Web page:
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Axis & Allies

4.4 out of 5 stars 18 customer reviews
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Product Description

It is spring, 1942, and the world is at war. Five world powers struggle for supremacy: Germany and Japan are aligned against England, the Soviet Union, and the USA. You control the military and economic destiny of one of these countries in the titanic struggle that will decide the fate of the world. You will need the perseverance of Montgomery, the daring of Rommel, the courage of Patton, the timing of Yamamoto, and the steadfastness of Zhukov! Axis & Allies is a classic game of war, economics, and strategy. Victory goes not only to the team that conquers its opponents on the field of battle, but also to the individual player who seizes the most enemy territory. The blitzkrieg rages; can you stop it?

Product Details

  • Shipping Weight: 3.6 pounds (View shipping rates and policies)
  • ASIN: B0010OT9M0
  • Manufacturer recommended age: 6 years and up
  • Amazon Best Sellers Rank: #151,618 in Toys & Games (See Top 100 in Toys & Games)
  • Average Customer Review: 4.4 out of 5 stars  See all reviews (18 customer reviews)
  • Product Warranty: For warranty information about this product, please click here

Customer Reviews

Top Customer Reviews

The Axis nations (Germany and Japan) were strong enough to have beaten the non-US Allied nations (mainly Britain and Russia) in World War II without American intervention. Then they could have come after the United States with their new found power. Given the timely intervention of the U.S.A., it was a different story: the Allies won "hands down."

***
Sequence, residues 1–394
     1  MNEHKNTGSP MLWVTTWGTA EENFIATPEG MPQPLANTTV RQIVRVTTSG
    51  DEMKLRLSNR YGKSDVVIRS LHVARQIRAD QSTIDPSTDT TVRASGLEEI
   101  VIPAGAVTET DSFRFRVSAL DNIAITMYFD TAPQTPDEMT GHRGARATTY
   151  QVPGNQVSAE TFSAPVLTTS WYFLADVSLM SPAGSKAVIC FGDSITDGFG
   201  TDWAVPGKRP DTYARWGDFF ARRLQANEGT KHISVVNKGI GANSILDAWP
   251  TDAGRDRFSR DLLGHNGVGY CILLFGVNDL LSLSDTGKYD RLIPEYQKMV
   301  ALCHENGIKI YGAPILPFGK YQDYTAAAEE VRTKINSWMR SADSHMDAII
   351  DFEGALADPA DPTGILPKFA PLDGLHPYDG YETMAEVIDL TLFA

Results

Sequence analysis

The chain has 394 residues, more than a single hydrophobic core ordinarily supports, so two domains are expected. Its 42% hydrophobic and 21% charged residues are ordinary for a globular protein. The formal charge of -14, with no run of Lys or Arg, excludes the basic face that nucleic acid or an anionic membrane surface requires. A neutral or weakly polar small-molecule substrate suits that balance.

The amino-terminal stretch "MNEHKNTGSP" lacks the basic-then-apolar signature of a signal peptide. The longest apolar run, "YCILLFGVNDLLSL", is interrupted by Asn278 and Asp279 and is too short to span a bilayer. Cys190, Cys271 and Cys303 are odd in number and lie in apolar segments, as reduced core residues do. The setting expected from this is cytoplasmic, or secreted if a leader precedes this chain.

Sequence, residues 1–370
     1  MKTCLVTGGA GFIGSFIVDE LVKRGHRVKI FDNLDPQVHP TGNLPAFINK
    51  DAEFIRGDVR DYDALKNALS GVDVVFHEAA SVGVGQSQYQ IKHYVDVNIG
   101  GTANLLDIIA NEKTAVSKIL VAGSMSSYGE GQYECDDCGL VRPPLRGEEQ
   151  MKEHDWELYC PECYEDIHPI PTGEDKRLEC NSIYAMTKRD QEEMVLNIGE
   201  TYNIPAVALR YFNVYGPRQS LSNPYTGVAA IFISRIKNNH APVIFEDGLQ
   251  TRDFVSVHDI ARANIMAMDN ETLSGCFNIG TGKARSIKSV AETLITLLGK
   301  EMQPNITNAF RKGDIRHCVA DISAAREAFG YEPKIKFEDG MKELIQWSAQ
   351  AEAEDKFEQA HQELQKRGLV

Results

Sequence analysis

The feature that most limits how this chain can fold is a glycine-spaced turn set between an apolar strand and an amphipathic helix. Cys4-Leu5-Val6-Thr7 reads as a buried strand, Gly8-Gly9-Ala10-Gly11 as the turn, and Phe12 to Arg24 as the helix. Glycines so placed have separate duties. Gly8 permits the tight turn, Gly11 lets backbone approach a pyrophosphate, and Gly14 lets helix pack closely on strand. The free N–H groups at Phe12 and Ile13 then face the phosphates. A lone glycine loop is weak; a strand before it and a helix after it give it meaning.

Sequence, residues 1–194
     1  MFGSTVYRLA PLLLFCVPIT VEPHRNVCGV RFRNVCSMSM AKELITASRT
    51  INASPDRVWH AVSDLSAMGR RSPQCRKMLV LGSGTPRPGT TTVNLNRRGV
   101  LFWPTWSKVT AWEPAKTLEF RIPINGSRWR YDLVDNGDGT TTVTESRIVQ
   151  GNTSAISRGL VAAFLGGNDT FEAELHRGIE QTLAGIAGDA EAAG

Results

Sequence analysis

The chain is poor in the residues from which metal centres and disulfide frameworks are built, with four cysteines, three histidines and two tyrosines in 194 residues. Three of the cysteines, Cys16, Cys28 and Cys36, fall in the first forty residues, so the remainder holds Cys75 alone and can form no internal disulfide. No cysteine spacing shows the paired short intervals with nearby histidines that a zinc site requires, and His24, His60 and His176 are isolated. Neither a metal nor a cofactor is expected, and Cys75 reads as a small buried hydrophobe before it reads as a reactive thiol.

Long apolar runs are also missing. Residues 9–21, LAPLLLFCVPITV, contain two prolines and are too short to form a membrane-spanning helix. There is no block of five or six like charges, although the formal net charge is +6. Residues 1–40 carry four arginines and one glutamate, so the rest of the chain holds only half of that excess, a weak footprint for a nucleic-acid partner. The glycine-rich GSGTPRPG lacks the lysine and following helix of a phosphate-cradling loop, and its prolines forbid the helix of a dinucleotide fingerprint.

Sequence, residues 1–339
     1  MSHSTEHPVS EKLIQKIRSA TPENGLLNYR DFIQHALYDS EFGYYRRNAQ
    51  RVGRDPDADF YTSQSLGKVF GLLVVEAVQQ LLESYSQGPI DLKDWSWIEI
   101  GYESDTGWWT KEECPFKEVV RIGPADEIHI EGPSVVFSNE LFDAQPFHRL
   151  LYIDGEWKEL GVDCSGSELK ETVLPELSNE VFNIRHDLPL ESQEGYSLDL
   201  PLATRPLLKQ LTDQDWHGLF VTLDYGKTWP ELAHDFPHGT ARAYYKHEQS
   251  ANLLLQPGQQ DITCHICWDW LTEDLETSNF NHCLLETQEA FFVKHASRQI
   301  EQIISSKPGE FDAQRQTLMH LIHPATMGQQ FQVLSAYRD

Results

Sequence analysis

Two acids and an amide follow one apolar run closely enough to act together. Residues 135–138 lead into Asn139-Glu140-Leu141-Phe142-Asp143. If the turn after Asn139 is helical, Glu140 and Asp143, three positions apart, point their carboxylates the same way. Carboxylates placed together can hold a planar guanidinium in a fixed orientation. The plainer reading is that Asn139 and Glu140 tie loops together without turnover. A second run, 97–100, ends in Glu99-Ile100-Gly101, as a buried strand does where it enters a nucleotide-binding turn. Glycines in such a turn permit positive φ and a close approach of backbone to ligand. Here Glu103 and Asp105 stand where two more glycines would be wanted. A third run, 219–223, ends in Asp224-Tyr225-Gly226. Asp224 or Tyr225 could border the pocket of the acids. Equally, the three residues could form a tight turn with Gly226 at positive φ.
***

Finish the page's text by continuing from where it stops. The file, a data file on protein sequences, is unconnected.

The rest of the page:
The game clearly illustrates these points, which gives it educational value. But unlike the "real life" version, the Axis do have a chance to win, because the U.S. is "hobbled." For instance, Germany starts the game with 32 Industrial Production certificates (IPCs) and Japan with 25, versus 30 for Britain and 24 for Russia. (These are based on the territories each country controls, and are used to build military units.) The US player has 36 IPCs, barely more than Germany, of which 25 are from "American" territories and 11 from assorted minor Allies in Latin America and China.

(In "real life," American industrial power was more like 75, which would have given the US player 86 IPCs, counting minor Allies. In fact, American industrial capacity was equal to that of Germany, Britain and the Soviet Union put together, meaning that if Germany had conquered the other two Allies, Japan would have held the balance of power, and America would have had to conquer it in turn to survive.)